Bluegill - Big Bluegill

Do you love big bluegill?

I ran into a fella while getting my car fixed and the conversation turned to fishing. He told me that he and three buddies took 12,000 bluegill out of a local lake last year. He further stated that they kept and cleaned every fish. I told him that appeared to be a little excessive and that i didn't keep anything under seven inches and limited my catch to a maximun of 25 and released any thing over nine inches. He said they didn't catch many fish over seven inches. I wonder why? I'm looking for comments on both sides. I think 25 gills a day is plenty!

Tom Swank

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I learned about Lake Champlain in school a long time ago, and I learned it in the deep south, nowhere near Vt, NY or Canada. It is an important part of our early American history. I just Googled it. One article said Lake Champlain had just been named “Bass Fishing Capital of America” by Outdoor Life magazine. That sounds like good fishing. A healthy bass population has a healthy bluegill population. If market fishing for panfish is legal there, and the biologist think it helps, sounds like it is working, at least for the bass fisherman.

I picked cotton as a kid for 3 cents a pound. I also picked up coke bottles thrown out by the roadside and sold them to a local store for 3 cents each. I got paid cash. If nobody was paying me I don't think that even as a dumb kid that I would have been in those "prosperous" enterprises very long. Point is, it's not the 3 cent a pounders, or the $1.50 a pounders who are the problem. It's the people who are making the 'real" money. That's not the local buyer either, he's just making ends meet, maybe. It's the New York City end of it. Get mad at them, or the bass sportsmen who want smaller bluegill their beloved bass can swallow.

As for the FDA, when they actually start policing the mainstream food chain like they should ( half a billion eggs recalled that never should have gotten by FDA to start with), maybe they can go after the bluegill sellers. And the tax man, he can kill this problem quick, but then what is he going to kill next? Sports fishing? Talk about an insatiable appetite, Big Brother's got one.

Lake Champlain has been around a lot longer than we have or will be. The website pictures of it I just saw looked great. The fishing will survive. Will we if we fuss instead of fish?
I'm with Bill...that is an unbelievable rape of the fishery with total disregard to the environment. Can anything be done?
25 to 30 fish is all I want to clean at a time Thats enough to make a nice meal
If few of the gills were over 7 inches then surely the lake is overpopulated. Taking a lot out is good for this overpopulated/stunted population of fish. In my home lake, 2,000 acre Morse Reservoir, taking out 500,000 of the stunted gills probably wouldn't help. Keeping a few might help some lakes and hurt others. My aunt always had big bluegill in her pond. She instructed us to throw the small ones over our shoulder.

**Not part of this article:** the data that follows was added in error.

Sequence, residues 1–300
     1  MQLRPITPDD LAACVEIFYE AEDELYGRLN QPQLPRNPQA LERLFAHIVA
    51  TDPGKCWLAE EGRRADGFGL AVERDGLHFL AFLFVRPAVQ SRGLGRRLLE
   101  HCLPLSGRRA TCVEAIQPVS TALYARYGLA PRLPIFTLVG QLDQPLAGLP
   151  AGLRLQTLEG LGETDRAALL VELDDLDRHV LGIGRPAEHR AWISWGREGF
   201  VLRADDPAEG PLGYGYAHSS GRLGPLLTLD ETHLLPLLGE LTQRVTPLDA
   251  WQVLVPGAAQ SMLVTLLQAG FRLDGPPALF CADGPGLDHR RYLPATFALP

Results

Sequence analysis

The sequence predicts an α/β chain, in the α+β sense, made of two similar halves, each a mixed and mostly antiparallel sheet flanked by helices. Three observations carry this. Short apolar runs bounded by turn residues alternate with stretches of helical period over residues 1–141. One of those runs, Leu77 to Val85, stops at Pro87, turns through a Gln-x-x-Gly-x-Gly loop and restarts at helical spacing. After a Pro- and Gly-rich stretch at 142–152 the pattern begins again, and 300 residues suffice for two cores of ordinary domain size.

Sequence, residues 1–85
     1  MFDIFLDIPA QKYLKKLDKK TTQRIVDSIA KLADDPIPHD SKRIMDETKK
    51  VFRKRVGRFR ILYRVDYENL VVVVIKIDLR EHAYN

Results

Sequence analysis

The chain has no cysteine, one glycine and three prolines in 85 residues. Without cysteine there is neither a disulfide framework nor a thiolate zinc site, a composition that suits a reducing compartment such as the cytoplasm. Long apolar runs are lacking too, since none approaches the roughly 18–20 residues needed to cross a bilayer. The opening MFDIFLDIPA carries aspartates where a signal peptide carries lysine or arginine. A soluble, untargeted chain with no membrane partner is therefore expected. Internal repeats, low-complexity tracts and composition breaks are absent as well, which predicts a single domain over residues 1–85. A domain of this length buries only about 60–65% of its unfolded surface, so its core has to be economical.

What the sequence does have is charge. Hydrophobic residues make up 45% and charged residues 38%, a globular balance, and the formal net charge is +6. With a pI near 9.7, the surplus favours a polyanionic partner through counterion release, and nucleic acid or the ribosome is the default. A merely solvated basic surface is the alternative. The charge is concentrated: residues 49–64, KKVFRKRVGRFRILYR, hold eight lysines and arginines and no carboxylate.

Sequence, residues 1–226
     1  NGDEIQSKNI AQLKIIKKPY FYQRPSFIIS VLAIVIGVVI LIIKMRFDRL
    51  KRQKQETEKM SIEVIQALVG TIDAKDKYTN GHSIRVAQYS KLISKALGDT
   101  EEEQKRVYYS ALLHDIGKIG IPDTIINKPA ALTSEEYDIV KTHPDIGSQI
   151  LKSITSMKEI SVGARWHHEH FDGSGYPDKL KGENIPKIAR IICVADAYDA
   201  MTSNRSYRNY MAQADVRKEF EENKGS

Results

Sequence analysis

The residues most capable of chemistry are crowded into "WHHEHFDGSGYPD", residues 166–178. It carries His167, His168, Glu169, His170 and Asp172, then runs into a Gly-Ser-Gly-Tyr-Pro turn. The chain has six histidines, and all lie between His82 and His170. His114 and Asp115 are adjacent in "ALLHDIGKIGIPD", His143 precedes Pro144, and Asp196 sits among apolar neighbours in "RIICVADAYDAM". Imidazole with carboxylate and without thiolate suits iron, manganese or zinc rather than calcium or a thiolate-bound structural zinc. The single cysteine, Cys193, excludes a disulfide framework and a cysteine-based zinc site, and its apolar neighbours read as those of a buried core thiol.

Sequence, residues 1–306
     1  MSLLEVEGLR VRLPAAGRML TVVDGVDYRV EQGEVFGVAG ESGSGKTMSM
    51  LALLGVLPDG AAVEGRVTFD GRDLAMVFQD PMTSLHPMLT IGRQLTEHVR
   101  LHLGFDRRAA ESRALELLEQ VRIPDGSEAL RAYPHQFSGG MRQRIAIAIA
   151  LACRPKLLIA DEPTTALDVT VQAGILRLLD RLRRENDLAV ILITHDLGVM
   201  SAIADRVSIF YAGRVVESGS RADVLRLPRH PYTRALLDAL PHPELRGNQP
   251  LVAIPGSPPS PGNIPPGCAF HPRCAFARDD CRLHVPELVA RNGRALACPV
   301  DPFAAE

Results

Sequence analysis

I know for a fact that this is not impossible. The question is were they of any quality that most of us are used to? Where I live you can catch 100 an hour if you like gill's as big as your bait! We got some monster gillies up here because every one started keeping every gill they caught for three or for years so the lakes wouldn't be so stunted. The fish and game even started putting tiger muskie in to solve the problem but the problem is tiger's prefer stocked trout over the fish they were intended to eat. I'm a true believer if your pond or lake is not producing the quality of gills you want it's because the lake is overrun with stunted fish and to few predatory fish! Now were nailing monster gills over a pound regulary Pat "Gilly"Wade
I notice in talking to some of my fishing buddies. The more beer they drank the more fish they caught.
Now, tell me, Rick: just WHY did you have to start blabbing our secret methods? :)

Seriously, I think one thing everyone is forgetting about this whole topic is this: most of the people out fishing for 'gills will only catch the small ones (6" or less) because of their methods. It takes a little skill to catch the larger ones. Having to drop your bait below the little ones, into the deeper holes where "mama" lives, is just not in the vocabulary of most casual fishermen. Even among the serious fly fishers, letting your fly drop past the agressive babies, then working it slow enough to keep it down there for the big ones, is just not a common method. So, while it's true on most of the waters I've fished that there are too many "little uns", you have to remember who it is who's telling you there are no big fish there anymore. Are they good, skilled fishermen or casual "weekend warriors"?

Personally, I think I haven't been taking enough of the small ones I catch (and yes, I DO catch a bunch of small ones), simply because I don't like cleaning those little ones (not enough return for the effort, I guess). I'm going to TRY to change that because, as I said, there ARE too many little ones. :) But that doesn't mean that "mama" isn't lurking down there below.
Recently, I had a reverse of trend for bluegill. Fishing the 18 acre church camp. The smallest bluegill were in the deepest part of the lake, smack dab on the bottom in 23 feet of water. The big ones were in from 7-10 ft. I believe the small ones were in deep water to escape the many stunted bass.

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